Streetsblog Chicago staff have been invited to do occasional audio interviews on livable streets topics for the Los Angeles-based podcast Bike Talk. Here are some recent SBC/Bike Talk collaborations:
In a new podcast episode, I chat with Eben Weiss, aka Bike Snob NYC, the influential cycling culture blogger, Outside and Bicycling magazine columnist, and book author, about the "Idaho stop." This phrase refers to people on bicycles treating stop signs like yield signs, and/or treating stoplights like stop signs, so called because the Gem State first legalized these moves 40 years ago. (Important: The Idaho stop does not refer to mindlessly bombing stop signs and red lights on a bike without consideration for people walking and cross traffic, which is clearly risky and obnoxious behavior.)
Click the arrow below to listen to the podcast. The Idaho stop segment begins at 19:40.
In recent decades several other U.S. states and municipalities have legalized "stop sign as yield" and/or "red light as stop." Bike injury statistics strongly suggest that legalizing the Idaho stop helps reduce bike injuries by getting riders out of harm's way at intersections and making it more convenient to use low-traffic side street routes instead of riding on more dangerous arterials. However, last October California governor Gavin Newsome ignored the evidence and vetoed a state bill that would have legalized stop sign as yield.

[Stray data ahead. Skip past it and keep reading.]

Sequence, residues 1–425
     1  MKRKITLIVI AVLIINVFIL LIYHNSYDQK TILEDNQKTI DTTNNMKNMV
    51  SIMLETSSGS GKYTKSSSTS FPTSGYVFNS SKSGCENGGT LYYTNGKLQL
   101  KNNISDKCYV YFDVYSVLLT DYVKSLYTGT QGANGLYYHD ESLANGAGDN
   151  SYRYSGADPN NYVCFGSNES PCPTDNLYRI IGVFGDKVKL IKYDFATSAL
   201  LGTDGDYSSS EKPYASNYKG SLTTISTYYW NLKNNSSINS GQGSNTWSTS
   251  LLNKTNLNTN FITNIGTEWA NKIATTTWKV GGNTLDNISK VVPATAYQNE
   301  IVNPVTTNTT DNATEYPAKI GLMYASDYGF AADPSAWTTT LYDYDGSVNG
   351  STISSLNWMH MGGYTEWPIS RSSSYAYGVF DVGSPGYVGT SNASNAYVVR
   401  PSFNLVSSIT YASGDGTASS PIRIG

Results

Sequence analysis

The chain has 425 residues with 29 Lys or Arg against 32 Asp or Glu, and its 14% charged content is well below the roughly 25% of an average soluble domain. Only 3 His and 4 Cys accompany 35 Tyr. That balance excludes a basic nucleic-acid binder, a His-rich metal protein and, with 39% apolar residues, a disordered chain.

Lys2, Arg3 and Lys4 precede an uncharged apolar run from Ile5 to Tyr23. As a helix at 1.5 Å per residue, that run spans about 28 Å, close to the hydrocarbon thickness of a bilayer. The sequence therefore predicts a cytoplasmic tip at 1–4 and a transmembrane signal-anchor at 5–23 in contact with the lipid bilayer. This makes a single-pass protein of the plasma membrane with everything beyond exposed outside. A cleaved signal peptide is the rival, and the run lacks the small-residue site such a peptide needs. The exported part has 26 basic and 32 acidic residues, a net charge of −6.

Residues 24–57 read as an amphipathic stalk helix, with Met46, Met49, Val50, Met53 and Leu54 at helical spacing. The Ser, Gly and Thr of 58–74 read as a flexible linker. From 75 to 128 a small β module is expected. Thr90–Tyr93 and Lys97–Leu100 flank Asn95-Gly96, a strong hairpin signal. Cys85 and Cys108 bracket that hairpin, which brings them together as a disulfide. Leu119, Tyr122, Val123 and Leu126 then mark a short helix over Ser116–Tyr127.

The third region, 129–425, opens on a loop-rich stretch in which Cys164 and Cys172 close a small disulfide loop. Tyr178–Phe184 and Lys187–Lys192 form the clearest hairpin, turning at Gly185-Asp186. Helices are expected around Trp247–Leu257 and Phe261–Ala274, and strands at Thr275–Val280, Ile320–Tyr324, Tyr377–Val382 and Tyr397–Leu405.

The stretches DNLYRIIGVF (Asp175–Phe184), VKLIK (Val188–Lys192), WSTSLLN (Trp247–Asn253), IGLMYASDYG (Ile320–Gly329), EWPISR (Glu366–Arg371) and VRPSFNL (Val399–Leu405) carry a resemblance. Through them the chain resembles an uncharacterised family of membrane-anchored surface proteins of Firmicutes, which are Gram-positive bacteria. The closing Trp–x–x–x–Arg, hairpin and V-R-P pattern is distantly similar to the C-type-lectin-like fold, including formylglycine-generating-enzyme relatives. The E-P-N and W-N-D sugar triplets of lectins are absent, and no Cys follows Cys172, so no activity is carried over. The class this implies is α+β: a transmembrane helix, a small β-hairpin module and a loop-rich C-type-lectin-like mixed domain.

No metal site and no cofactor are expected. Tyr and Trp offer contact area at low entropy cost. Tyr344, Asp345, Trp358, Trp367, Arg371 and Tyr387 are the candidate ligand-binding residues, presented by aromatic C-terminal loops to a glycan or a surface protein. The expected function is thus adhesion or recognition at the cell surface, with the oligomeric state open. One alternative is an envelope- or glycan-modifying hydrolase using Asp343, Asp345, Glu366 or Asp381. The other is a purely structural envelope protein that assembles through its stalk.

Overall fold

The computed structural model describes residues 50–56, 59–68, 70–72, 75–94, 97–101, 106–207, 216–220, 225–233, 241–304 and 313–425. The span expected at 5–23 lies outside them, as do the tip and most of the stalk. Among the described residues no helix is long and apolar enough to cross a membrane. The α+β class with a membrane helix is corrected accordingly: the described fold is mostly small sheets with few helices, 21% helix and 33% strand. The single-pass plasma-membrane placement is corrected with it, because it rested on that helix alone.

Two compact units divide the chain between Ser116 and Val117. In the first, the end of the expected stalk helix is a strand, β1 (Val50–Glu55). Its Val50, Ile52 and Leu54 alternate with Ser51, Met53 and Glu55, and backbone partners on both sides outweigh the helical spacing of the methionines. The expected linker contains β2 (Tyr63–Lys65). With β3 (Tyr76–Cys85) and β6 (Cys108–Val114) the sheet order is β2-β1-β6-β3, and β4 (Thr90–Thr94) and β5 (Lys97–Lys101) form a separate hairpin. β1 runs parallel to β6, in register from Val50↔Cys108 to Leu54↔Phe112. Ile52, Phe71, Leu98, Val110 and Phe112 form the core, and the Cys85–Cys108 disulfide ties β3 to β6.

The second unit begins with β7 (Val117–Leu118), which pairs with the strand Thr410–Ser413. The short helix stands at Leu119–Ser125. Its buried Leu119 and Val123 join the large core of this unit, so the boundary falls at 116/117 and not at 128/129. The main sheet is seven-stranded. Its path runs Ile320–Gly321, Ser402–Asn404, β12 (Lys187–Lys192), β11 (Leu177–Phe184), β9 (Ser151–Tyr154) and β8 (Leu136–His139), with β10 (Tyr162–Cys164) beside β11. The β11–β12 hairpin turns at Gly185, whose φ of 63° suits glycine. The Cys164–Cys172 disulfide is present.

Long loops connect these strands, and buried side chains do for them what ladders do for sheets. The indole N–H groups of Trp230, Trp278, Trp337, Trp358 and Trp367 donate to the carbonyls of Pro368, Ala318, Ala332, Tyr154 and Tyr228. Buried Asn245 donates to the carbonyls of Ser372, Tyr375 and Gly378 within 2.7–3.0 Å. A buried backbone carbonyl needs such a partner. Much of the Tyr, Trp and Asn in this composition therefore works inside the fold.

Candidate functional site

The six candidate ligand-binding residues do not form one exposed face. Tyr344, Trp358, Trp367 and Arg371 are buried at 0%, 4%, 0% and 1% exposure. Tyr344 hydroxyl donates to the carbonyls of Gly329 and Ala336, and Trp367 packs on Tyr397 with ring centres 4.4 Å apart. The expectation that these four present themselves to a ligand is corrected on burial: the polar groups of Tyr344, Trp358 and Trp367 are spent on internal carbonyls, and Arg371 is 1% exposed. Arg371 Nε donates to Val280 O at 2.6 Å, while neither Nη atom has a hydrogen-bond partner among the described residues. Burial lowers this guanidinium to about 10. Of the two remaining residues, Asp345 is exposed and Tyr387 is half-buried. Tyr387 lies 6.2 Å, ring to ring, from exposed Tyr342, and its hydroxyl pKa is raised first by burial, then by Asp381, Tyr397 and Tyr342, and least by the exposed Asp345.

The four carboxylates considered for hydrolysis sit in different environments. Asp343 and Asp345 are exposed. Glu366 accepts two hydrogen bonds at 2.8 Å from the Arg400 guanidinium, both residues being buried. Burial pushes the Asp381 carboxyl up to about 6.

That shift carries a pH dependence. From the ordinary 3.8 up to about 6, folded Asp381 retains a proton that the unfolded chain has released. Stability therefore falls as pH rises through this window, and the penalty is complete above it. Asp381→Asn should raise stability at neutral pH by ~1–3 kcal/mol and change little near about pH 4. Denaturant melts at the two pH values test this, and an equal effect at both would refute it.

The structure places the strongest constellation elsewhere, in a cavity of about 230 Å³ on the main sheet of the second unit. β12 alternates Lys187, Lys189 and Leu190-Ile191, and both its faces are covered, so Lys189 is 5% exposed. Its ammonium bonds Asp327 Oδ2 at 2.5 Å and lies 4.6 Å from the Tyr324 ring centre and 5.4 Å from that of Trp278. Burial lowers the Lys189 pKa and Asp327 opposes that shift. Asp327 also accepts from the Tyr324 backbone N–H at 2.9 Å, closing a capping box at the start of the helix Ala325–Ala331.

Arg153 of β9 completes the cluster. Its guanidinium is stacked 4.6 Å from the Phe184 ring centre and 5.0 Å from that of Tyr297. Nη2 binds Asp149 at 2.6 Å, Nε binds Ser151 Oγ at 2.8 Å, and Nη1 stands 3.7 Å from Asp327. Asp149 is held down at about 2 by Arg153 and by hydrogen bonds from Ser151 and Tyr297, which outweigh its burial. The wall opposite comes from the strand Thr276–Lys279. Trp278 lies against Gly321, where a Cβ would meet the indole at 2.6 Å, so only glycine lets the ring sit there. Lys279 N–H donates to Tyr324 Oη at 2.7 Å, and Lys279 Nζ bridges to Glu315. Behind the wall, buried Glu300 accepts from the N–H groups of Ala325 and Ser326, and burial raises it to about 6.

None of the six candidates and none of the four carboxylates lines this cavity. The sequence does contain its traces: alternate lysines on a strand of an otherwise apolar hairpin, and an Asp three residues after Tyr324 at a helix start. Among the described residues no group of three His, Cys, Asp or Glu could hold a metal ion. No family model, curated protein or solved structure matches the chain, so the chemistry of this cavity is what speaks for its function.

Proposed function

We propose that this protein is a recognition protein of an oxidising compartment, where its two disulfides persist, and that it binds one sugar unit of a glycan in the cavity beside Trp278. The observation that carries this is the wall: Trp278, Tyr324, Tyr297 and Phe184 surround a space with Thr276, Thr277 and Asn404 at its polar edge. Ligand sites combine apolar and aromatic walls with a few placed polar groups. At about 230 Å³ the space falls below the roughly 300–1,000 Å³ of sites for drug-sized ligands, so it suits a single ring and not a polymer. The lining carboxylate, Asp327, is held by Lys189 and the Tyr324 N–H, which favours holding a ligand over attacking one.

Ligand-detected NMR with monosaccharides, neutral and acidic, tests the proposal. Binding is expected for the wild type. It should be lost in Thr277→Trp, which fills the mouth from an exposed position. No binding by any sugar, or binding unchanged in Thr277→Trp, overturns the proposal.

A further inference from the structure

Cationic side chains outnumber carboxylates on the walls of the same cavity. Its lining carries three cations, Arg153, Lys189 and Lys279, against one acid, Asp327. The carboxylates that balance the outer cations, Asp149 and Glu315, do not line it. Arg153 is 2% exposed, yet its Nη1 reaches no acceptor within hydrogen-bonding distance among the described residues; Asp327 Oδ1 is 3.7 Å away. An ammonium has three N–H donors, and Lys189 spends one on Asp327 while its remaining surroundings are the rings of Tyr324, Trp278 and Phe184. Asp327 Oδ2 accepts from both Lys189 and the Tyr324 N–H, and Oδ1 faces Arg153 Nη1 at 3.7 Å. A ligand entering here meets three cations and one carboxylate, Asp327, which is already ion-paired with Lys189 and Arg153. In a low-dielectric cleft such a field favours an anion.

The Idaho stop has also been a hot topic in Chicago and Illinois recently. Last month after CBS Chicago weatherman Ed Curran asked on Twitter "Why do so few cyclists respect stop signs and red lights?" I posted a thread explaining why the Idaho stop is ubiquitous and logical, and should be legal everywhere.
Coincidentally, last week Illinois state rep Janet Yang Rohr's bill to legalize stop sign as yield was almost unanimously voted down in committee.
In our Bike Talk conversation, Eben Weiss and I discussed all these topics, plus Idaho stop etiquette, and why ultimately U.S. cities should be building citywide networks of connected, protected bikeways, where traffic signals are timed so logically that bike riders are safe while waiting for a green, and don't mind doing that, and Idaho stop laws become unnecessary. That's how things work in truly bike-friendly countries. I think you'll enjoy listening to Bike Snob NYC hold forth on this subject.
This Bike Talk segment starts with a conversation between the sustainable transportation advocacy group Streets For All's founder Michael Schneider and cohost Taylor Nichols on why Los Angeles needs another safe streets nonprofit, and SFA's campaign to force the city to implement its own mobility plan every time a street is repaved.